THE one-man protest against legal marijuana waged by Seattle Police Officer Randy Jokela made a joke of a serious new law.
The veteran cop wrote 80 percent of the city’s public marijuana consumption citations over the last six months, according to new city data. He showed contempt for the law, voters and his bosses in scribbling ad hominem commentaries on infractions, including ones he apparently wrote based on a coin flip. Regrettable behavior, indeed.
Also regrettable is the flagrant disregard of the law by too many marijuana enthusiasts. While Initiative 502 legalizes recreational marijuana, it bans marijuana smoking in public. Full stop. The law does not entitle consumers to shove their marijuana smoke down the breathing passages of people who are simply walking down a sidewalk or wandering in a park.
Washington is still adapting to the new era of legal marijuana, with tweaks needed to business regulations, drug-free workplace rules and tax policy. There also needs to be a tweak of the unwritten code of good civic behavior.
- Anonymous donor pays off landslide victim's $360K mortgage
- Could Chris Polk be a fit for the Seahawks?
- Seattle-to-suburb commuters prefer urban lifestyle
- Fire destroys Bellevue auto showroom, dozens of cars
- A Midcentury modern home for the history books
Most Read Stories
The police should play a role in setting the new norm. By Seattle city code and practice, marijuana enforcement is the lowest police priority. A city ordinance governing public consumption, passed last year, requires officers to give a warning before issuing a $27 public-use ticket. But if that warning is given and ignored, officers should pull out their infraction book and write the ticket.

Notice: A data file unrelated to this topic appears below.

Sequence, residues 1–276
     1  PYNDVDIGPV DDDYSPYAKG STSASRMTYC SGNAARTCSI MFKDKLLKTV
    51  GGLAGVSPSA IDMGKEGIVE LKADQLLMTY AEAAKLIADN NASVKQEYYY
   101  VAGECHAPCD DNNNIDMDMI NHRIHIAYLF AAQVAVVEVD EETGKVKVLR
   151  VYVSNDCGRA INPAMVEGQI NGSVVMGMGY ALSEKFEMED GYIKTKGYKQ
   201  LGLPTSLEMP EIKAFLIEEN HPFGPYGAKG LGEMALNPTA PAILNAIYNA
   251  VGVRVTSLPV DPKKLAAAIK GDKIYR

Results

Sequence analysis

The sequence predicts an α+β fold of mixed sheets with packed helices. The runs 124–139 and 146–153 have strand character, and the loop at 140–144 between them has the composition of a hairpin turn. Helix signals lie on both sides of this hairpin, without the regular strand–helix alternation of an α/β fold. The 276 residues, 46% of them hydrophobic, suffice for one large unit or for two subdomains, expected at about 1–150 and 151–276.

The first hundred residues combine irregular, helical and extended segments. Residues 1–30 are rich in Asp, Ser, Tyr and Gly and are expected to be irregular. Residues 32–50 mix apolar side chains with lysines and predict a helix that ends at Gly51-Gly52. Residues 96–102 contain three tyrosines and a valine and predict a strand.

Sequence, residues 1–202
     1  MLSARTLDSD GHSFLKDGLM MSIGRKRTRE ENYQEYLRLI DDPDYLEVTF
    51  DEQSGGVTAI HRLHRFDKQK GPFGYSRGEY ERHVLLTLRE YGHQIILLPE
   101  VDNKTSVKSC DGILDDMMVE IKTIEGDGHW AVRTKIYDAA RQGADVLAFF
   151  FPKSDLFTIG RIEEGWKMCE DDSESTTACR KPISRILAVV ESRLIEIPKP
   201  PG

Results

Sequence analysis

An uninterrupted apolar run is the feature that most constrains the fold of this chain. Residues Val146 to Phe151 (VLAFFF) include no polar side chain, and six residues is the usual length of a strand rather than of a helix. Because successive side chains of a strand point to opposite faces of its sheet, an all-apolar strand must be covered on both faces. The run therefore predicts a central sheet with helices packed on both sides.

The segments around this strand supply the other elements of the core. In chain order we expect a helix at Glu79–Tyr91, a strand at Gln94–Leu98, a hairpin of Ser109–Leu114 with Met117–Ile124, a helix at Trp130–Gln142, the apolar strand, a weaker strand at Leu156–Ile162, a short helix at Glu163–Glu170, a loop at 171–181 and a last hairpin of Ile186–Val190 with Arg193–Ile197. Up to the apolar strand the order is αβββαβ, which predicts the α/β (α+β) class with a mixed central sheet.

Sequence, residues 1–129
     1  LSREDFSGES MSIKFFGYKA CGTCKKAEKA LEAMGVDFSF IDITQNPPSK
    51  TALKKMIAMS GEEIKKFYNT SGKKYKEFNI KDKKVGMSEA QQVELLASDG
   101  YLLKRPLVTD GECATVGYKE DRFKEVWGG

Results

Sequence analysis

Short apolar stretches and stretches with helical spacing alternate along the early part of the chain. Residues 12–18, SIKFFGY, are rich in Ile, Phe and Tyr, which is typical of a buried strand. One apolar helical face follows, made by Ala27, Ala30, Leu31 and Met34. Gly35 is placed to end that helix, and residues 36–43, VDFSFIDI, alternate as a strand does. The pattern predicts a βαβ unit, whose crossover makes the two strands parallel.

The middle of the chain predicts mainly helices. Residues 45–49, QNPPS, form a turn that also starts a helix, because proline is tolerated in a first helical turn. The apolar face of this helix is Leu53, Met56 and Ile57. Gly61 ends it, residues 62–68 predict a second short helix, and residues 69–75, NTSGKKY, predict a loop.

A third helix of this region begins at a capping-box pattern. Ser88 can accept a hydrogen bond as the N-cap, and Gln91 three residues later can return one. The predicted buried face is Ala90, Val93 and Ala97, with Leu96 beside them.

Seattle City Attorney Pete Holmes, a sponsor of Initiative 502, said he was concerned that the tickets were written in a racially and geographically disproportionate manner. But he defended the need to police public consumption.
“This isn’t about fining people; it’s about getting people to stop smoking marijuana in public, especially in crowded areas and places where families and children congregate,” he said in a statement.
The state Legislature also has a role in setting the new norm. The state is badly in need of a venue — such as a marijuana bar — for tourists to consume.
The state indoor-smoking law is an obstacle, but the Legislature, focused on raising revenue for education, can find a creative way to create and regulate semiprivate spaces for marijuana use.
Officer Jokela’s misconduct shouldn’t set the standard for enforcement. But it should start a conversation about the new norms for public marijuana consumption.
Editorial board members are editorial page editor Kate Riley, Frank A. Blethen, Ryan Blethen, Sharon Pian Chan, Jonathan Martin, Erik Smith, Thanh Tan, William K. Blethen (emeritus) and Robert C. Blethen (emeritus).